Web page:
The impact of a one-to-one computing initiative at a Midwestern urban middle school was examined through phenomenological research techniques focusing on the voices of eighth grade students and their teachers. Analysis of transcripts from pre- and post-implementation interviews of 47 students and eight teachers yielded patterns of responses to illuminate how one-to-one computing changed students’ learning experiences and teachers’ instructional practices. Key themes that emerged were changes in teacher pedagogy, effect on student learning experiences, impact on classroom behavior and management, potential for improved communications, and suggestions to address professional development needs. The students demonstrated their learning in varied and creative ways through the use of computer-based lessons. However, the altered format presented new demands on teachers as a delivery model. Although some students were distracted by gaming and chatting opportunities, learning benefits were reported for students of varied ability levels. This study builds on the theoretical framework supporting the role and use of technology to foster learning and to prepare students for a global economy. The focus on student and teacher voices provided the opportunity to explore a new perspective and engage middle school students, teachers, and administrators in school change efforts.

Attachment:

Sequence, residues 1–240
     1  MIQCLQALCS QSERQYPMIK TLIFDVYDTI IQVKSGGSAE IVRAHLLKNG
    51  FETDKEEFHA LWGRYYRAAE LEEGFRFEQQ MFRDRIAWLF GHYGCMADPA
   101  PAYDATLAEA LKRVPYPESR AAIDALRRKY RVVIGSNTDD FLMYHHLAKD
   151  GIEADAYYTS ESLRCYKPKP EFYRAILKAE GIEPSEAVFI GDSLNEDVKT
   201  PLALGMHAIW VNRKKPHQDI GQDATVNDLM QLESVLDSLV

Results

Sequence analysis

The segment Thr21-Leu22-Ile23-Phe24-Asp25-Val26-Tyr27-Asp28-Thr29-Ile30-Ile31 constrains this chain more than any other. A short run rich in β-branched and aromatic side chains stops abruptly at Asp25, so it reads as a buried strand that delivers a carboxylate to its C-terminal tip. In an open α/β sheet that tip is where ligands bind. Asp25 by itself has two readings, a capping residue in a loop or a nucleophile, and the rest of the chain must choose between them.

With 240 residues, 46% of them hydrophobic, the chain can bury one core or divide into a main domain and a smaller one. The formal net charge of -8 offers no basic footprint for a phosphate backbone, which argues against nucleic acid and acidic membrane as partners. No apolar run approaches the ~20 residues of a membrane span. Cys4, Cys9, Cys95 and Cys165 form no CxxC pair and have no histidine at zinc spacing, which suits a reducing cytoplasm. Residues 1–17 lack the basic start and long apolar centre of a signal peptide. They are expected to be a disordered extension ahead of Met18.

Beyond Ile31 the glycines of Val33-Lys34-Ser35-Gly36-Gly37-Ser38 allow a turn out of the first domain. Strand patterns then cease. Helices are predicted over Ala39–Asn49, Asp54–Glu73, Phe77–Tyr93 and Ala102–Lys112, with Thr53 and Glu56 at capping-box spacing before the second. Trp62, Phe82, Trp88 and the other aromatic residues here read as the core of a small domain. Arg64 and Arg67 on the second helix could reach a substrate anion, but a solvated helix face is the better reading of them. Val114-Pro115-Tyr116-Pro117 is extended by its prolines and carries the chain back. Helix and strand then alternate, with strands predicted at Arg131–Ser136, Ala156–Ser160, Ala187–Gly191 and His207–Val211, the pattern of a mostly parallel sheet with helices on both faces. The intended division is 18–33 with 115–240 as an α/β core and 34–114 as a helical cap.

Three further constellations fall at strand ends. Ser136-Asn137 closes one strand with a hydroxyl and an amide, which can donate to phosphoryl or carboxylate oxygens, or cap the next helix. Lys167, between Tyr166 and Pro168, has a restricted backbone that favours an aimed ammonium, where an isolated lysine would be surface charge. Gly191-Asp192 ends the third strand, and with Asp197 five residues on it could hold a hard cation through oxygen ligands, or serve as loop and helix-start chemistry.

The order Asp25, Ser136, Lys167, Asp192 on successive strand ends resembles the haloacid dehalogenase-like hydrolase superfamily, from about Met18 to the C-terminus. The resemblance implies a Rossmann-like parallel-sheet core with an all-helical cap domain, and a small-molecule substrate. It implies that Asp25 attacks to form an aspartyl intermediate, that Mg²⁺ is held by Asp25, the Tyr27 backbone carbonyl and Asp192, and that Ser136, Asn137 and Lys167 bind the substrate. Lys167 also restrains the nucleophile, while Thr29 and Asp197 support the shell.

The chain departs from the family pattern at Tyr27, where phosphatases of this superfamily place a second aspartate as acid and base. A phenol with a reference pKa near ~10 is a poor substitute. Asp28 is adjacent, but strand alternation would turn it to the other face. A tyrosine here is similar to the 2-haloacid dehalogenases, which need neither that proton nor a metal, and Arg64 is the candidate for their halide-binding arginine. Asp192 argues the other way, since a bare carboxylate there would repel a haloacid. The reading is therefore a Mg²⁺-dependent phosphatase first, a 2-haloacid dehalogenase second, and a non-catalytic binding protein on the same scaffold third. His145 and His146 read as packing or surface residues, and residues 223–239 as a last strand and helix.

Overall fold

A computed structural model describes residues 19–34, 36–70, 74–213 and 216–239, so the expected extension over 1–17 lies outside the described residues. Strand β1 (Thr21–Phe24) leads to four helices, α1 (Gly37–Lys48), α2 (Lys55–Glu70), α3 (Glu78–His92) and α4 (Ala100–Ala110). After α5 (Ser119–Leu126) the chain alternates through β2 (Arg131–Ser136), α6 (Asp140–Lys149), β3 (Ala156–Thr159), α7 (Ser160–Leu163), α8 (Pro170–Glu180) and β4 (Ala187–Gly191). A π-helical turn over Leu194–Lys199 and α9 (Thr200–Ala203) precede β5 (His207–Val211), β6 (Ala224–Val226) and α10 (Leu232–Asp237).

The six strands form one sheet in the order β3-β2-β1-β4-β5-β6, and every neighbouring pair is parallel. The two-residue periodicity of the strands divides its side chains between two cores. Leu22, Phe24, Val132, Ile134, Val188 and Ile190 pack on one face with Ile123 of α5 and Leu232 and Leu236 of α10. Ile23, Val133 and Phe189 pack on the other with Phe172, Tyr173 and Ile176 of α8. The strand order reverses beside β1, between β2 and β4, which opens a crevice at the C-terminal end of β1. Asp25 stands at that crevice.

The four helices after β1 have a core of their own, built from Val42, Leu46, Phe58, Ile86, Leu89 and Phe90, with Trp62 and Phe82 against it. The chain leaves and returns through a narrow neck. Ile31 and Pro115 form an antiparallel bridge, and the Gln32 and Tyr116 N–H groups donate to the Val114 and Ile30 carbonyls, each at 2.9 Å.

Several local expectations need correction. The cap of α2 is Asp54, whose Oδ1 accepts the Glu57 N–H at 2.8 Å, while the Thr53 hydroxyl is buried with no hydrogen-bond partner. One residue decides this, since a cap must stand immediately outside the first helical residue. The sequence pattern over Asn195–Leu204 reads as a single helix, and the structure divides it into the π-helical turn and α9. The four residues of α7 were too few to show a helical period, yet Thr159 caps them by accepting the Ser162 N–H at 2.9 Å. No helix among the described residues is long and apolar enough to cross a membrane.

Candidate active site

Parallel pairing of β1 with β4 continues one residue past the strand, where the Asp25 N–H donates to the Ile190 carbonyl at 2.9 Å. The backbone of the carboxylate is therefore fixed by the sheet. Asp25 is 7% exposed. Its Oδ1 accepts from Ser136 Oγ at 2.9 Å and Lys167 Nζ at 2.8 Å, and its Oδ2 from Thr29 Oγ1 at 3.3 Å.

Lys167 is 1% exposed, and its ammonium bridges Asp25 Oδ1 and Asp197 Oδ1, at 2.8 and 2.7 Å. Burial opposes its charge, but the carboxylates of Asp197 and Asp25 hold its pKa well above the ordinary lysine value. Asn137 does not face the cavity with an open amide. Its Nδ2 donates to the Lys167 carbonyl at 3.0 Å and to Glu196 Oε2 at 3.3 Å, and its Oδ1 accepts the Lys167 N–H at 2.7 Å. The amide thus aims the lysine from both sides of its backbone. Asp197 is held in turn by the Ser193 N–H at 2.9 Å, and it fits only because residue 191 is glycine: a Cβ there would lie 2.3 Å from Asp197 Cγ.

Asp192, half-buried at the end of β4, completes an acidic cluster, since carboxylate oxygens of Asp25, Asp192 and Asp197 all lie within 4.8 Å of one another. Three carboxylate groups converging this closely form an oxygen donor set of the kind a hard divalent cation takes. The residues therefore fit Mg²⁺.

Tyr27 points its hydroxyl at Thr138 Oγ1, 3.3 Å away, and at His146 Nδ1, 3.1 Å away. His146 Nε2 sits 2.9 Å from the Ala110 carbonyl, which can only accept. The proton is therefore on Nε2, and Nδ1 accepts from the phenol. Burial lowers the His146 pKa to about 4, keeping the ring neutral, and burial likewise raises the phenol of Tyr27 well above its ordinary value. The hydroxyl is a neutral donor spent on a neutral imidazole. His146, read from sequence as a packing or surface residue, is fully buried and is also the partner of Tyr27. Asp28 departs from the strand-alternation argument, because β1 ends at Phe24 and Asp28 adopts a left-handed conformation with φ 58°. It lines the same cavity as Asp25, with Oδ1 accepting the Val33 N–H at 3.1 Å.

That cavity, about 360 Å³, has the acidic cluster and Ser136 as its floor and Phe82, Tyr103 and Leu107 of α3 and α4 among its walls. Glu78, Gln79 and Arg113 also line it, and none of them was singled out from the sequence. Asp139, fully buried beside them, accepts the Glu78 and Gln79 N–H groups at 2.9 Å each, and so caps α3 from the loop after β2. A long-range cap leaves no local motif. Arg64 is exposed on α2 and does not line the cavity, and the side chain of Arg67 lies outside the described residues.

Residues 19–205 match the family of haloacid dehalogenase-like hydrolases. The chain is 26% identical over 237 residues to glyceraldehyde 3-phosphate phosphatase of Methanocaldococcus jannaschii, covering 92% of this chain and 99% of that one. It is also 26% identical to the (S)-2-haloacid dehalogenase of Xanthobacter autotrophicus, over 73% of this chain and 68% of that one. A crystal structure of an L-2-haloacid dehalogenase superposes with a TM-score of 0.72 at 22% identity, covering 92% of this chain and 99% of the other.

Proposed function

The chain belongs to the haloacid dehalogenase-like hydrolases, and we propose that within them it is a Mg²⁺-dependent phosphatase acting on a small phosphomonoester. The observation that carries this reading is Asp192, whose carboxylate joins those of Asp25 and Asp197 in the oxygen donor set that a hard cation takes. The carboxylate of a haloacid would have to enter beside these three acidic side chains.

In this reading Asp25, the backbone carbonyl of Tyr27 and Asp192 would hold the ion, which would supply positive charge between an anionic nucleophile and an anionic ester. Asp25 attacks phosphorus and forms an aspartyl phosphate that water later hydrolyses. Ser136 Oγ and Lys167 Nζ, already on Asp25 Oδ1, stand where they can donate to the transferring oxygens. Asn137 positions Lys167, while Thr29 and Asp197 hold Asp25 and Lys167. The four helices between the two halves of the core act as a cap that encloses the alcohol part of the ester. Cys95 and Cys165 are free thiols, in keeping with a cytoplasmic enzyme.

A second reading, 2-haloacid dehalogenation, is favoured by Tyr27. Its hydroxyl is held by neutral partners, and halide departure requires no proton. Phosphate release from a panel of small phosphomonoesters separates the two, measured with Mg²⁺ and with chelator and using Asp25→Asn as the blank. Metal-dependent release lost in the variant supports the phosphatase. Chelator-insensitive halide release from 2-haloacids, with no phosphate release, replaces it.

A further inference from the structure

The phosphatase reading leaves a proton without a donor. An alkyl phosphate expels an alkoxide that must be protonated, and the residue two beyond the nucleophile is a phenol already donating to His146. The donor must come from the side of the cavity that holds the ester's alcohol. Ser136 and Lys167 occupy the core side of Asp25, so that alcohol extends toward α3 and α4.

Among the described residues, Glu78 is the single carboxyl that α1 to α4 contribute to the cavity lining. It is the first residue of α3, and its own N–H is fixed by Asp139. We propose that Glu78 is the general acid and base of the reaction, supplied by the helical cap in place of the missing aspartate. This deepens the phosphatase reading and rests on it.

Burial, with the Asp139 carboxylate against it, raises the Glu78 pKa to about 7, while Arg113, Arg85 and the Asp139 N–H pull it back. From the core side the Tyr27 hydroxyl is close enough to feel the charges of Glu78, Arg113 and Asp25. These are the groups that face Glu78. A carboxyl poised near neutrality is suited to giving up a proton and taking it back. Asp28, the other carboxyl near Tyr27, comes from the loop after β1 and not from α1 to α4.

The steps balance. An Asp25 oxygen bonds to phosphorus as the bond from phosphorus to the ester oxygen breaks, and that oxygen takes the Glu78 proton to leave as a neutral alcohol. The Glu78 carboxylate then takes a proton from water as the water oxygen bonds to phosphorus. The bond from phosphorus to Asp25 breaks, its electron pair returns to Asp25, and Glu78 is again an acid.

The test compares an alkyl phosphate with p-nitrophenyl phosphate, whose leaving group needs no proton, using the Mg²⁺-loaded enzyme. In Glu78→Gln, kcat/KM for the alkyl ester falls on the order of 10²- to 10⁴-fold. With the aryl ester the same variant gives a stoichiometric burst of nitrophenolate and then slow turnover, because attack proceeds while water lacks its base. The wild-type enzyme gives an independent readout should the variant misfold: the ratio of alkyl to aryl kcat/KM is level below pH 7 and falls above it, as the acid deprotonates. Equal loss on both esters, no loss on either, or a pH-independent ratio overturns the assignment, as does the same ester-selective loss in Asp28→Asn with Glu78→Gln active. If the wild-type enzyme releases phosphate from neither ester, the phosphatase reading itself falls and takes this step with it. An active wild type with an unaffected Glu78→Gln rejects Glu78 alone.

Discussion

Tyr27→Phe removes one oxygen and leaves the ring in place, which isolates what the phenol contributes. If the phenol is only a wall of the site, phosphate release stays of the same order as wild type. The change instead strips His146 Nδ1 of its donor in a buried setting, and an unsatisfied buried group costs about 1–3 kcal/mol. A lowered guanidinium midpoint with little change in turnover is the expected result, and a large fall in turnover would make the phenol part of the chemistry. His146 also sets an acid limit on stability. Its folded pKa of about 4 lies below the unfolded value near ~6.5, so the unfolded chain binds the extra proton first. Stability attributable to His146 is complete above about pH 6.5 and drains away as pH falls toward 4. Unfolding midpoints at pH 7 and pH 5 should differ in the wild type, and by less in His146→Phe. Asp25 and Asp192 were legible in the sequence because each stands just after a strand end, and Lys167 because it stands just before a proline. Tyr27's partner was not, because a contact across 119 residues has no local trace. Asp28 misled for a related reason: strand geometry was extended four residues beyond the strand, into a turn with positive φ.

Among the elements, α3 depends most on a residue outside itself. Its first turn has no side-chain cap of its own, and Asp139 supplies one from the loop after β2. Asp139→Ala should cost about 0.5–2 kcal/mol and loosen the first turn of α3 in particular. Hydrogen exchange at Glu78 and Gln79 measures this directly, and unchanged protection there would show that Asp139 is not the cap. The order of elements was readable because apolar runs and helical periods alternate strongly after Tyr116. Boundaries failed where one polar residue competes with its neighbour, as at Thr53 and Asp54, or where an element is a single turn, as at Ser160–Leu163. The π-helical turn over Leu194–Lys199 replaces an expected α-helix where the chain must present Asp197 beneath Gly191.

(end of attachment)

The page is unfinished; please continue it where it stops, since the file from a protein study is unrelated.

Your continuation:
Published in Research in Middle Level Education Online, 2013